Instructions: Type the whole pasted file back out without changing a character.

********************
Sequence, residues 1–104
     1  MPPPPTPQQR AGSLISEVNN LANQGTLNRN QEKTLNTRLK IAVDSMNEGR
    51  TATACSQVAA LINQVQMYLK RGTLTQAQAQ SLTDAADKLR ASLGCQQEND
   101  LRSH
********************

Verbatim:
Sequence, residues 1–104
     1  MPPPPTPQQR AGSLISEVNN LANQGTLNRN QEKTLNTRLK IAVDSMNEGR
    51  TATACSQVAA LINQVQMYLK RGTLTQAQAQ SLTDAADKLR ASLGCQQEND
   101  LRSH